Faith-based hospitals will not be able to stop outside doctors helping terminally ill patients die after the Queensland Government rejected the churches' pleas for protection from the nation's widest euthanasia law. Source: The Australian.
The legislation leaves the private, church-backed institutions that provide more than a quarter of all hospital beds in Queensland powerless to intervene if a patient who qualifies for VAD and is too ill to be moved elsewhere insists on being assessed and potentially dosed with death-dealing drugs on the premises.
The bill approved yesterday by state cabinet notionally gives individual health workers and institutions the capacity to opt out of the assisted dying scheme – except in cases when it would cause unnecessary suffering to transfer the patient concerned to another centre, a loophole that has been seized on by church leaders to argue they will be roped into the program.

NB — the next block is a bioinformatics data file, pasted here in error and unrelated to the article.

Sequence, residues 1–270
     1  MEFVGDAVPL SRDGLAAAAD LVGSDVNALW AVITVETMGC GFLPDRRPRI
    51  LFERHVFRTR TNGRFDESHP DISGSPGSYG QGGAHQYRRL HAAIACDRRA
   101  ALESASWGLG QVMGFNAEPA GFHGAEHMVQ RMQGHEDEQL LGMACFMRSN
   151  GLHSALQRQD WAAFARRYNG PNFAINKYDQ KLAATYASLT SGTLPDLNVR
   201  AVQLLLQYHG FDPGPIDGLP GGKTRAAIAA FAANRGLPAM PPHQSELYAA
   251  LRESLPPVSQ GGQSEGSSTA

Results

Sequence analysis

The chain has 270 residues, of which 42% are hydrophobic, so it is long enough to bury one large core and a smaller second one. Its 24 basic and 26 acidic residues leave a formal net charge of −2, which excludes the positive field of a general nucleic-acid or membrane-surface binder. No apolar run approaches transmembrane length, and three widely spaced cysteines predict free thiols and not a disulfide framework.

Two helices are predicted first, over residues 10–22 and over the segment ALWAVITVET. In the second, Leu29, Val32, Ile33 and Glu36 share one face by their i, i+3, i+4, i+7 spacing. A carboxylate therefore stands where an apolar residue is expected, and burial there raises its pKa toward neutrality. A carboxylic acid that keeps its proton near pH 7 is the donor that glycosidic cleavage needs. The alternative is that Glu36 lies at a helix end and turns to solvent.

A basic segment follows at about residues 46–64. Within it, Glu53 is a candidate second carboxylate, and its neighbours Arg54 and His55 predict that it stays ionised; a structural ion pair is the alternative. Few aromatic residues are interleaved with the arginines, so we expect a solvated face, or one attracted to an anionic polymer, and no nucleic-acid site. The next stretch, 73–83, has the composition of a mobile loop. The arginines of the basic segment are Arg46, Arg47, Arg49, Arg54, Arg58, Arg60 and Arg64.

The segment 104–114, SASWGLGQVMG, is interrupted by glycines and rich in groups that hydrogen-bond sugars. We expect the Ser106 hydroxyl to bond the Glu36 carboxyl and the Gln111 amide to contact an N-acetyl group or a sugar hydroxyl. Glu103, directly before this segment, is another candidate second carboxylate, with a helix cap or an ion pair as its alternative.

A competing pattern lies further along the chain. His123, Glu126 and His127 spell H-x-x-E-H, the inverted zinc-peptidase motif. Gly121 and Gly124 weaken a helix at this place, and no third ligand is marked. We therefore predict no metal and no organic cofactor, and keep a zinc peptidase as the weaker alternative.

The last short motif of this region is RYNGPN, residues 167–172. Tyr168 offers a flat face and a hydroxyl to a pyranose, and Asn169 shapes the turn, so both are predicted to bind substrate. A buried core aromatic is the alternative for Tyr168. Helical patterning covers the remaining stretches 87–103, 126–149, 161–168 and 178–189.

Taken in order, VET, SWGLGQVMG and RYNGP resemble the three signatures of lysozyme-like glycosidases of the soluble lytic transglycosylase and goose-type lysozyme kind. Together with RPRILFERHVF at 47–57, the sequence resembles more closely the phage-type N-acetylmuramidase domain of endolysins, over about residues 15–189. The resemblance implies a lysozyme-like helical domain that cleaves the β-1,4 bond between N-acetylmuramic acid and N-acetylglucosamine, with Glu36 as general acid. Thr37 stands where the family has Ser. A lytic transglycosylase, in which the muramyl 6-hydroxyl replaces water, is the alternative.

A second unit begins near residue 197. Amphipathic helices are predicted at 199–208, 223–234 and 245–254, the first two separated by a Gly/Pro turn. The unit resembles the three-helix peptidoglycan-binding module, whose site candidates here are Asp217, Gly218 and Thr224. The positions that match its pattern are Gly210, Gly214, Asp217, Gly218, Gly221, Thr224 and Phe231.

Some ministers at the cabinet discussion wanted the churches’ push for a right of conscientious objection addressed. Instead, cabinet agreed the legislation would remain intact and be augmented by clinical guidelines setting out how the VAD was to interact with the faith-based hospital and care sector.
The numbers in the single-chamber Queensland parliament mean the legislation to be debated from today will pass the conscience vote.
Catholic Health Australia’s mission director, Rebecca Burdick Davies, said she was disappointed that a “flawed bill” had been retained after several rounds of talks with Deputy Premier Steven Miles.
Churches denied a say in patient deaths (By Lydia Lynch, The Australian)
New guidelines an olive branch for VAD opponents (The Courier-Mail)